Of course the term "thinking inside the box" is a misnomer, as the box is simply a place of ease and comfort that every performer must find, and in the end, the best evidence that an artist is homing in on it may be the absence of thought altogether. Instead, an artist may recognize the space as somewhere their muscles move more easily and comfortably, their voice flows more freely and openly, and their soul expands curiously and without limit, regardless of the box's technical size, musically speaking. Hell, if a person was so inclined they might even suggest that this applies to life as a whole and not just to art or music?
(Luckily, I'm not feeling so inclined at the moment, which is good, because it would make this post much longer.)
It’s a funny thing, and it feels positively unseemly to share, but once I “got” myself musically, I became less interested in technique and outward exploration. I know it may seem sacrilegious to think or suggest such a thing, but it's as if some inner just voice started whispering, “you don't need all that fancy stuff, what you are doesn't require it … by all means, have at it if you like, but proceed with the understanding that it’s superfluous to you.”
Perhaps the process is akin to coaching a team and picking players, where after conducting interviews, watching film, and considering the overall game plan, it simply comes down to selecting the best and cutting the rest. Why should the things an artist chooses to adopt and perpetuate be any more useful in defining them than what they’ve chosen not to adapt? In other words, isn’t that which we don't choose every bit as important in defining us as that which we do?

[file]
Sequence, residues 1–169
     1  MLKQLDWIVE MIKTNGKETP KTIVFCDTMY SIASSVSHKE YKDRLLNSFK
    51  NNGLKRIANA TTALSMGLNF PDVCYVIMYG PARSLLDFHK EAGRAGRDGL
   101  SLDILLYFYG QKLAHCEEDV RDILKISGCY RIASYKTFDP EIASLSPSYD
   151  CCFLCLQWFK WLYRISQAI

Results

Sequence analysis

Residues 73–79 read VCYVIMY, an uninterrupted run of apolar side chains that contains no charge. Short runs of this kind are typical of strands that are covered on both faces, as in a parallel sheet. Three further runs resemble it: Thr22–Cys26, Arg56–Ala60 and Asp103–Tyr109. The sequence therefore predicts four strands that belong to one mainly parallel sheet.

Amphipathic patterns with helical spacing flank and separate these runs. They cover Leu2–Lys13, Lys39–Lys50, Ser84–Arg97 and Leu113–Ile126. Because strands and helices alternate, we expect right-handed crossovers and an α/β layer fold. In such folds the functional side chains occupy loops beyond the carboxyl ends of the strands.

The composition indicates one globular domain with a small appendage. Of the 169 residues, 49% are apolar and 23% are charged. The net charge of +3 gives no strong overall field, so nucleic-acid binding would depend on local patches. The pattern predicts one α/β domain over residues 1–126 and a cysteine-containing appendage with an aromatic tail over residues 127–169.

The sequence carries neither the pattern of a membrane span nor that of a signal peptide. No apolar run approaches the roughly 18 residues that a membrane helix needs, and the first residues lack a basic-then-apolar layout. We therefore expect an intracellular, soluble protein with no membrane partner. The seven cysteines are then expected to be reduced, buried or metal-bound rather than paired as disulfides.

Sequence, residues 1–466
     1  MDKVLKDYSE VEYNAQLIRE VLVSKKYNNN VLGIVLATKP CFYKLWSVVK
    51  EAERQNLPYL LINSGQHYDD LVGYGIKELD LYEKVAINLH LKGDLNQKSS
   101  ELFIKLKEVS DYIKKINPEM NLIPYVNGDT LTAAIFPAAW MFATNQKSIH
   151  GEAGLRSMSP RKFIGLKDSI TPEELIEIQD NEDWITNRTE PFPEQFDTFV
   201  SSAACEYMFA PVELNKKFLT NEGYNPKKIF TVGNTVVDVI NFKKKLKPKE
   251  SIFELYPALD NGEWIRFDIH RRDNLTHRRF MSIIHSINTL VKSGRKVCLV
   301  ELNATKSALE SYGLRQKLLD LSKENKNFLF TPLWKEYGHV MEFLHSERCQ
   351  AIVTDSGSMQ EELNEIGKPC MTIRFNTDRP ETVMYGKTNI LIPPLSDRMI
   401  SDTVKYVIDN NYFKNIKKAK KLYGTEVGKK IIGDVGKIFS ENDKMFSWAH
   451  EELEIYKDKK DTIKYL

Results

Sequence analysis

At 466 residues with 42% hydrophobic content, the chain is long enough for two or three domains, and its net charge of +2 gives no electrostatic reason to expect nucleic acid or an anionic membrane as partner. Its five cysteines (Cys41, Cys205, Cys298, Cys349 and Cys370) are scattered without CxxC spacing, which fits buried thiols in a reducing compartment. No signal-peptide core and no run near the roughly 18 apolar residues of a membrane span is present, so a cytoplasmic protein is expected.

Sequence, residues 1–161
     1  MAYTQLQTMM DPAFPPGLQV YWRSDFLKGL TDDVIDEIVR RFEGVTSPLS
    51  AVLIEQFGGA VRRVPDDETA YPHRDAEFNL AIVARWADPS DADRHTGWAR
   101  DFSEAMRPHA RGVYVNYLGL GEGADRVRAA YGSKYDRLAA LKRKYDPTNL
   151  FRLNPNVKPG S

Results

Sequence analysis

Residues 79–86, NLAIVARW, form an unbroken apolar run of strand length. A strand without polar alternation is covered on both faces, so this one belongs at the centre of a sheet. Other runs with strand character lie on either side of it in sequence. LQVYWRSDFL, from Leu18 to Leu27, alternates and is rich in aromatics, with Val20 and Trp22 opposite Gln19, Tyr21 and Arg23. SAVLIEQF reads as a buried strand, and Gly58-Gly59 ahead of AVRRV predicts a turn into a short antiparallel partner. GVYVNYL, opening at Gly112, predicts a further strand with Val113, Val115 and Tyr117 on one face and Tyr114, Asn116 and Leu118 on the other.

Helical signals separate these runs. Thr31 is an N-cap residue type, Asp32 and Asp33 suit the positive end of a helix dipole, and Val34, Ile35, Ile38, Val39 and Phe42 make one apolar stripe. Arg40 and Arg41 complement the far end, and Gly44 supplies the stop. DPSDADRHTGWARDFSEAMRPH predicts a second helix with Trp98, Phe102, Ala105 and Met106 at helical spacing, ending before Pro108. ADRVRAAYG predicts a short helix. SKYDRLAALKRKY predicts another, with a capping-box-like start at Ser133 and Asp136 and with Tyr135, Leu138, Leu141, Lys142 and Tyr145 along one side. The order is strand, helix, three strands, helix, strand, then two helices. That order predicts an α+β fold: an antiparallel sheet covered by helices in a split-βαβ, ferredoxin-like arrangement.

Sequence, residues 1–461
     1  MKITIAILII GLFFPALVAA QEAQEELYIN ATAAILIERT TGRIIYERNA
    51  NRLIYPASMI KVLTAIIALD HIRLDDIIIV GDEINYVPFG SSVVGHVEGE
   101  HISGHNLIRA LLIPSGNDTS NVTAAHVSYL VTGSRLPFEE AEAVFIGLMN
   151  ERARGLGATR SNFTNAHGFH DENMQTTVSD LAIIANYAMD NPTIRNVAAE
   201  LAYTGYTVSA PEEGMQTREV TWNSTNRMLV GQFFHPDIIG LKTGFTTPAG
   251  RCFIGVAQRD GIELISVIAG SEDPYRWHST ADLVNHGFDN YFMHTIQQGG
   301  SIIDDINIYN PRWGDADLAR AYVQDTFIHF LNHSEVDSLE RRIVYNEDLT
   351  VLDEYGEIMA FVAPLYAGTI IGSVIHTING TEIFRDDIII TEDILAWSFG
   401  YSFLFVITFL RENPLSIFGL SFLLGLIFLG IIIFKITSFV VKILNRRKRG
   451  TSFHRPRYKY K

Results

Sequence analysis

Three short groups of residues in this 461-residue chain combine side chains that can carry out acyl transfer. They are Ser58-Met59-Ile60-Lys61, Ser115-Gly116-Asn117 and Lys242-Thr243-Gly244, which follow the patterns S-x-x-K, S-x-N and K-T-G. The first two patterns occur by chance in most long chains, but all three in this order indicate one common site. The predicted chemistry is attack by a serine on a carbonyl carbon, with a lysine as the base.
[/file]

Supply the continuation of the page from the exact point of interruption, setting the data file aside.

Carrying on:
It's funny now, as I'm recognizing patterns more wholly in retrospect, I find myself wondering if it all adds up to a more focused self-knowing, or just simple laziness? I suppose time will tell. It's not that I don't keep up my technique still (er...sometimes), it's just that doing so now feels like I'm preparing myself for a moment that may never arrive.
Of course the moment will arrive in one form or another, as life is long and music gets boring if a person doesn't shake things up. The box will expand moving forward, and I recognize and welcome that eventuality. Perhaps I'll even come around to being a student of technique again someday, who knows? But I suspect the days of technique for technique’s sake are behind me, at least for a while. Perhaps I'm just feeling chafed that I spent all that time trying to find myself in the technical aspects of music when, in the end, the authentic me required exploration in the opposite direction to locate? Then again, without defining the boundaries of the box through outward exploration, could I ever have recognized the essence of its contents? T.S. Eliot said it well...
Americana Singer Songwriter Ed Dupas’ lived-in melodies unwind with reflective lyrics that speak to the current state of the human condition. Soothing where possible, agitating where necessary, and calling for change where appropriate. Ed Dupas creates and shares well worn wide awake music.